After he had been thus banished from the city, and while he was sojourning at Argos, circumstances connected with the death of Pausanias gave his enemies at Athens ground for proceeding against him. The one who actually brought in the indictment against him for treason was Leobotes the son of Alcmeon, of the deme Agraule, but the Spartans supported him in the accusation. Pausanias, while engaged in his grand scheme of treachery, at first kept it concealed from Themistocles;
but when he saw him thus banished from his state and in great bitterness of spirit, he made bold to invite him into partnership in his own undertakings, showing him a letter he had received from the king, and inciting him against the Hellenes as a base and thankless people. Themistocles rejected the solicitation of Pausanias, and utterly refused the proffered partnership; and yet he disclosed the propositions to no one, nor did he even give information of the treacherous scheme, because he expected either that Pausanias would give it up of his own accord, or that in some other way he would be found out, since he was so irrationally grasping after such strange and desperate objects.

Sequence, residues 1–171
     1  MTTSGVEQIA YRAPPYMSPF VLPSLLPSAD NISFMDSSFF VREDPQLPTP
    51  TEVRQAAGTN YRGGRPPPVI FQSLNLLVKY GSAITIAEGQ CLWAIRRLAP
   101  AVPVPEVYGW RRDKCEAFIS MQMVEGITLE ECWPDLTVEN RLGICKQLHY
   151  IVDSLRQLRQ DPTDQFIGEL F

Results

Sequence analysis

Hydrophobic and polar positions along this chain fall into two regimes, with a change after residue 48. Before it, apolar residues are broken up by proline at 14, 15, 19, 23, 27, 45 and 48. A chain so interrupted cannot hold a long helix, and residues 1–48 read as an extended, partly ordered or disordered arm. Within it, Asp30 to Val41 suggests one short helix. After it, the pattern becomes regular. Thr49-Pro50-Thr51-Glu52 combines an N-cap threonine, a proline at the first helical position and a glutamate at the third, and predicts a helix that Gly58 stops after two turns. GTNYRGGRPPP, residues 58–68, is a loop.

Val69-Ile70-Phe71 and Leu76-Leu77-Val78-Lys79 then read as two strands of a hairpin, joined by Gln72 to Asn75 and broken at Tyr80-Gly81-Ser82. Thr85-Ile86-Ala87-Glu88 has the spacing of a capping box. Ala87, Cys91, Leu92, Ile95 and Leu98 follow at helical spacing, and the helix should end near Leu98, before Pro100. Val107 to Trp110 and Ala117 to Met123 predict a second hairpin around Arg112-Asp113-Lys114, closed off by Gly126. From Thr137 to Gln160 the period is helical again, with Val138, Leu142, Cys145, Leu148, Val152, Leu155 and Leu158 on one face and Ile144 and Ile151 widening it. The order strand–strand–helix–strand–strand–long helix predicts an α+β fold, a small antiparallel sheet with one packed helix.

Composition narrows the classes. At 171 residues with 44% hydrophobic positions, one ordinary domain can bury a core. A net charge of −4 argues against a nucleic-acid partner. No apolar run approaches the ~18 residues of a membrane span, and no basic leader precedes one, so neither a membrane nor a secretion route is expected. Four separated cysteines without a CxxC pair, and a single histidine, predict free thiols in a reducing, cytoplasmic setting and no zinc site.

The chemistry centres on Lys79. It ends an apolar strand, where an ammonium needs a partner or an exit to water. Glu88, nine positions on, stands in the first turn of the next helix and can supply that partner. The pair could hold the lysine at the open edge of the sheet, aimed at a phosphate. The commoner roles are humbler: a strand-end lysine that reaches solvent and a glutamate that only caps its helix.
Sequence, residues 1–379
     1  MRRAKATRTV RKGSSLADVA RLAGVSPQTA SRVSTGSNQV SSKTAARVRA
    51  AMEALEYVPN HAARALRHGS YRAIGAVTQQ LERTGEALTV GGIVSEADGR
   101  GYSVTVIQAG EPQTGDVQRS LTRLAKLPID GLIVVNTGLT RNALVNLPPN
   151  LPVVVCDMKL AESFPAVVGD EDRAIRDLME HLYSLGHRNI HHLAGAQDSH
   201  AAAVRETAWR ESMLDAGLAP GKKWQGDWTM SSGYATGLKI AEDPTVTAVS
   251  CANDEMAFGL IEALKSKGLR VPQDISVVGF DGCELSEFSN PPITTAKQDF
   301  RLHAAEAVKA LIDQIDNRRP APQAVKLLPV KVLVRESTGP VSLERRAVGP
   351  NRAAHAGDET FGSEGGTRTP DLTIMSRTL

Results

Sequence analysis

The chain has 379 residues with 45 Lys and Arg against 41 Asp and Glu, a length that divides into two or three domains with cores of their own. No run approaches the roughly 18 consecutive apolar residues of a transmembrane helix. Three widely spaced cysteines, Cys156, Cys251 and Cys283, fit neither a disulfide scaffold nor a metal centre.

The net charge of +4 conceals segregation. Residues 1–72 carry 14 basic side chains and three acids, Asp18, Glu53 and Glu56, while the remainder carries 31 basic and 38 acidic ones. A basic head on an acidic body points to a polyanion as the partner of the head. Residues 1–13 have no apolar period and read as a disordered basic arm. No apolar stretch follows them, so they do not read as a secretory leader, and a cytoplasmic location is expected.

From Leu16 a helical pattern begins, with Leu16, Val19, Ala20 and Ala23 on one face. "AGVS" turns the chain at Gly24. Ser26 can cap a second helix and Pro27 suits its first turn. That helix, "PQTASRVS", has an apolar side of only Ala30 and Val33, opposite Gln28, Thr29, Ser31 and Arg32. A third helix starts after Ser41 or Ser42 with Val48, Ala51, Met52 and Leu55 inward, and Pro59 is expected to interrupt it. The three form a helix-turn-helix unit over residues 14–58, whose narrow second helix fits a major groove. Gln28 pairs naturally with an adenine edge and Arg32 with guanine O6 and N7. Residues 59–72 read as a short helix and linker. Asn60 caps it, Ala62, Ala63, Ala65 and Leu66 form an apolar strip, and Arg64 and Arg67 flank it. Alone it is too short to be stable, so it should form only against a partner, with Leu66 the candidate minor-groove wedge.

And so it was that, when Pausanias had been put to death, certain letters and documents regarding these matters were discovered which cast suspicion on Themistocles. The Lacedaemonians cried him down, and his envious fellow-citizens denounced him, though he was not present to plead his cause, but defended himself in writing, making particular use of earlier accusations brought against him.
Since he was once slanderously accused by his enemies before his fellow-citizens—so he wrote, as one who ever sought to rule, but had no natural bent nor even the desire to be ruled, he could never have sold himself with Hellas to Barbarians, much less to foemen. The people, however, were over-persuaded by his accusers, and sent men with orders to arrest him and bring him up in custody to stand trial before a Congress of Hellenes.